# Flying-balls on a canvas element

I have made this little program for fun, to add on my personal webpage. I remember seeing something like it some time ago, don't remember exactly where, and I tried to reproduce it myself.

As it turns out, I figured out that it isn't quite fun to have your CPU stressed out by 25% because of a funny single homepage, so I won't be using it anymore, but I thought it'd be a good chance to put my efforts to test here on Code Review.

Any thoughts are welcome. I'm specially curious if the way I'm creating the dots looks good or if it is of good performance or not. I profiled the code a few days ago and realized that the main source of processing tasks were related to canvas drawing.

Working example here

var canvas,
ctx,
colors = ['#FF6600', '#0099FF', '#BCBCBC', '#3D3D3D'],
dots = [],
maxDots = 35;

function Dot() {
this.alive = true;
this.x = Math.round(Math.random() * canvas.width);
this.y = Math.round(Math.random() * canvas.height);
this.size = Math.round(Math.random() * 7);
this.velocity = {
x: (Math.random() < 0.5 ? -1 : 1) * Math.random() * 0.7,
y: (Math.random() < 0.5 ? -1 : 1) * Math.random() * 0.7
}
this.alpha = 0.01;
this.hexColor = colors[Math.round(Math.random() * (colors.length - 1))];
this.rgbaStringColor = getRGBA(this.hexColor, this.alpha);
}

Dot.prototype.draw = function () {
ctx.beginPath();
ctx.fillStyle = this.rgbaStringColor;
ctx.arc(this.x, this.y, this.size, 0, 2 * Math.PI);
ctx.fill();
}

function getRGBA(hex, alpha) {
var r = parseInt(hex.substring(1, 3), 16),
g = parseInt(hex.substring(3, 5), 16),
b = parseInt(hex.substring(6, 8), 16),
a = alpha;
return 'rgba(' + r + ', ' + g + ', ' + b + ', ' + a + ')';
}

/*updates both colors and position of the dot*/
Dot.prototype.update = function () {
if (this.alpha < 0.7) {
this.alpha += 0.01;
this.rgbaStringColor = getRGBA(this.hexColor, this.alpha);
}

this.x += this.velocity.x;
this.y += this.velocity.y;

if (this.x > (canvas.width) + 5 || this.x < -5) {
this.alive = false;
}
if (this.y > (canvas.height) - 15 || this.y < -5) {
this.alpha -= 0.05;
if (this.alpha <= 0.1) {
this.alive = false;
}
}
}

function createDots() {
dots = dots.filter(function (dot) {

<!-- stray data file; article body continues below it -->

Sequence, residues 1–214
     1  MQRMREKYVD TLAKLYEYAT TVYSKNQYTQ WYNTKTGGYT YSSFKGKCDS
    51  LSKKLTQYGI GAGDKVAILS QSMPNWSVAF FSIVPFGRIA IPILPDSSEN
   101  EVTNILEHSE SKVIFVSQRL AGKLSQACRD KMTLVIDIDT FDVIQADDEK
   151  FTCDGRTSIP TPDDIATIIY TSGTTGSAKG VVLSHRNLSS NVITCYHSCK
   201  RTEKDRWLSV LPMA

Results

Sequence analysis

return dot.alive;
});
for (var length = dots.length; length < maxDots; length++) {
dots.push(new Dot());
}
}

function update() {
ctx.clearRect(0, 0, canvas.width, canvas.height);
for (var i = 0; i < dots.length; i++) {
dots[i].draw();
dots[i].update();
}
createDots();
window.requestAnimationFrame(update);
}

function init() {
createDots();
update();
}

function setCanvasSize() {
canvas.width = window.innerWidth;
canvas.height = 300;
}

canvas = document.getElementById('universe');
ctx = canvas.getContext('2d');
setCanvasSize();
init();
});

• i did three improvements here jsbin.com/muriviqamo/2/edit (caching canvas size / modifying the alpha, not the color string / working on-place on the array). But i couldn't see any effect on the profile... – GameAlchemist Jan 4 '15 at 16:55

The CPU load doesn't look so bad. On my 2011 MBP the linked example runs easily at 60fps, taking between 0.4 and 0.85ms (of the 16.6ms available for that framerate) to run the animation frame callback. No sweat.

As for code style; it's generally pretty clear and easy to follow, though I would suggest name-spacing your state variables and methods instead of using global variables. This is generally considered better practice, it's safer, can in theory improve performance and make the code easier to read. For example, you could do something like:

FlyingBalls = {
colors: [...],
dots: [],
maxDots: [],
init: function initDots(canvasId) { this.canvas = ... }
create: function createDots() { ... },
update: function updateDots() { ... }
}


Or use a constructor like:

function FlyingBalls(canvasId) {
var canvas,
ctx,
...;

function createDots() { ... }

function updateDots() { ... }

// init code here
canvas = document.getElementById(canvasId);
...
}